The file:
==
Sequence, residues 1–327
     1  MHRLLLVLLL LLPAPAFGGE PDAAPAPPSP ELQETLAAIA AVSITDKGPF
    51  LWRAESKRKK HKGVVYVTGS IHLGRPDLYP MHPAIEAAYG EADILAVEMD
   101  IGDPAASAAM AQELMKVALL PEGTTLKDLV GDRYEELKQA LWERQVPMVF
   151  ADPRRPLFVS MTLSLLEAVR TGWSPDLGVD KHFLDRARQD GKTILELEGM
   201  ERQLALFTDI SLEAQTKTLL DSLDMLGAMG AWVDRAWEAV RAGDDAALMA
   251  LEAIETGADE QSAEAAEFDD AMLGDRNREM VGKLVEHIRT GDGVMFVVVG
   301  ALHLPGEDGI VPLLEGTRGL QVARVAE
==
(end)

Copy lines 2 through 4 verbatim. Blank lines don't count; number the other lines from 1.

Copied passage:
     1  MHRLLLVLLL LLPAPAFGGE PDAAPAPPSP ELQETLAAIA AVSITDKGPF
    51  LWRAESKRKK HKGVVYVTGS IHLGRPDLYP MHPAIEAAYG EADILAVEMD
   101  IGDPAASAAM AQELMKVALL PEGTTLKDLV GDRYEELKQA LWERQVPMVF